Photo by Zack Melhus on Pexels.com

Zion National Park was established in 1919, is located in southwest Utah, and is best known for its dramatic desert canyon landscapes and natural rock arches.

A prominent feature of the 229-square-mile (590 km2) park is Zion Canyon, which is 15 miles (24 km) long and up to 2,640 ft (800 m) deep. Located at the junction of the Colorado Plateau, Great Basin, and Mojave Desert regions, the park has a unique geography and a variety of life zones that allow for unusual plant and animal diversity. Zion National Park includes mountains, canyons, buttes, mesas, monoliths, rivers, slot canyons, and natural arches. (Via Wikipedia)

If you have never been, I’d put it on your list. It is incredible.


I had been trying to get a climbing partner to head out there with me but hadn’t received any definite yes’s from my buddies. This led me to practice my roped soloing just to get SOME sort of practice. Finally I got someone to answer the siren call that is familiar to all climbers and we made plans to drive out to Zion.

However, a few days before I left, he got a job he’d been interviewing for and had to bail.

Damn!

So it was off to Zion all by my lonesome.

Freedom in the Journey

I loaded up all my climbing gear in to my black Jeep and drove that stick shift beauty across the southwest from one beautiful location to the next. Driving across that part of the United States can feel like driving in another world. You cruise across rust red landscapes and suddenly dive in to sheer canyons that are hidden until you are right on top of them.

The freedom you feel in a landscape this beautiful is difficult to describe.

All I can do is encourage you to stop hesitating and just drive….which is what I did. Eight hours after leaving San Diego, I was in beautiful Zion National Park.

Watchman Campground

Watchman Campground the next morning

Freedom…and Stress

March in Zion is still pretty cold and I awoke to the sight of my breath and frost on the outside of my tent.

Nevertheless, I had to get my day started, and the anticipation to start this climb pulled me out of my warm sleeping bag.

After breakfast, I drove over to the pull-out across the road from the Cerberus Gendarme climbing area. Here is a shot of where I was climbing…not a bad spot huh?

Red arrow points to the area where I was going to climb.
Red arrow points to the area where I was going to climb.

That little red pin on the left?…that is Angel’s Landing (a well known tourist attraction and hike).

Touchstone ascends the wall just to the left of the obvious crack/corner that goes most the way up.

Touchstone Wall

A mixture of anticipation and worry began to creep in as I looked at 800-1000 feet of climbing that I was about to try.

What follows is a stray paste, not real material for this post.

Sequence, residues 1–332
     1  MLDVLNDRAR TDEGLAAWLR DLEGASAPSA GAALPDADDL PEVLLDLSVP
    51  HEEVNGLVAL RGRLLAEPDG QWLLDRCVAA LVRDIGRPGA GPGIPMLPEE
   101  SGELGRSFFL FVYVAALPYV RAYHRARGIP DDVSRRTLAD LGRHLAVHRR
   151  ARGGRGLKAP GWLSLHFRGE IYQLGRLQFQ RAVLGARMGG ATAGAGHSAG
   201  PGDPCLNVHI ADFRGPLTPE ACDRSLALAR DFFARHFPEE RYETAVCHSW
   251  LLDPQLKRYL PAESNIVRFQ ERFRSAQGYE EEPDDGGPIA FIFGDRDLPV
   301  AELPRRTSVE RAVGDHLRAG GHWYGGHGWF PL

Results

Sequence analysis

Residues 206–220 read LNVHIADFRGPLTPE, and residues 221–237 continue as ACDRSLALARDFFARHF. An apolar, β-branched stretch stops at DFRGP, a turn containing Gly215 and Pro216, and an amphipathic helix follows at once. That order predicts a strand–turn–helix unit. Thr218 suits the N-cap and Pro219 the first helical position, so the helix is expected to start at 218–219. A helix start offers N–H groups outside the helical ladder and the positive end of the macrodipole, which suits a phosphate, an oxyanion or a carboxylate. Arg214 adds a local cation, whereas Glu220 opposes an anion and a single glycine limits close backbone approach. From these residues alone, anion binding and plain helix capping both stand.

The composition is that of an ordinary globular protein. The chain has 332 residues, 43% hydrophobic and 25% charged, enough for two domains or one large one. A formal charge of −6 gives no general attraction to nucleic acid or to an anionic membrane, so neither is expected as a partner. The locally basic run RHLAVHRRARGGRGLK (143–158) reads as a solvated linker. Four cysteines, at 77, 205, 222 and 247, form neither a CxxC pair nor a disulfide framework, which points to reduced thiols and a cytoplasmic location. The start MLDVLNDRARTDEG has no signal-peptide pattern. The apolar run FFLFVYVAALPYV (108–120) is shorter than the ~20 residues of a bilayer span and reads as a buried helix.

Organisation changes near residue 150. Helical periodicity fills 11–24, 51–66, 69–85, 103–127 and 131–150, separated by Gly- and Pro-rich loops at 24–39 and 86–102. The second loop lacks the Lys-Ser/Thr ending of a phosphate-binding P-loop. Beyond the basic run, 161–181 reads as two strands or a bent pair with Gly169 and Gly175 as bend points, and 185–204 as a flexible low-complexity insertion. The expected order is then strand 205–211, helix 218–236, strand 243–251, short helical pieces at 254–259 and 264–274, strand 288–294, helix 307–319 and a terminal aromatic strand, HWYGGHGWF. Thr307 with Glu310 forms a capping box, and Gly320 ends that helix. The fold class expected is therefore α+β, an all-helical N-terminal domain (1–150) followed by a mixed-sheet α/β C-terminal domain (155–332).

Am I really going to climb that without a climbing partner?


One thing you have to realize about climbing solo (roped)…you do ALL the work.

Normally you have a climbing partner to split the work with you, alternating between climbing and belaying. Yet, when you rope solo, you actually end up doing 3 times the amount of work you normally would.

Here is the partner climbing equation as a baseline for comparison:

climb the 100ft pitch, fix anchor, belay your partner up to you = 100ft of work (for 1 person)

Repeat by number of pitches (8 for this climb) = 800ft of work

Here’s the rope solo work equation:

climb the 100ft pitch, fix anchor + rappel 100ft back to your previous anchor + ascend the 100ft of rope you fixed to the anchor you just climbed up to = 300ft of work

Repeat by number of pitches (8 for this climb) = 2400ft of work

I was about to climb 2400ft to ascend 800ft!


The Climb

(warning: lots of climbing jargon going forward)

yeah...he's a climber too
yeah…he’s a climber too

With a nice short approach I was looking up at the bolt ladder first pitch in no time:

pitch 1 bolt ladder
pitch 1 bolt ladder

While I was very happy that this well established climb had some fixed hardware, the first 5 or 6 bolts are definitely REACHY. I’m 5’8” with a reach a little longer than my height and I had to top step in my etriers like a mo-fo. But I got them all and made my way to the second pitch with the short roof.

You can see the 2nd pitch’s roof section (triangular shadow I think) above my lead line on the upper left:

I rapped the 1st pitch and got ready to clean.

I was surprised at how straight forward the roof section was. The 3rd pitch was pretty straight forward and went smoothly.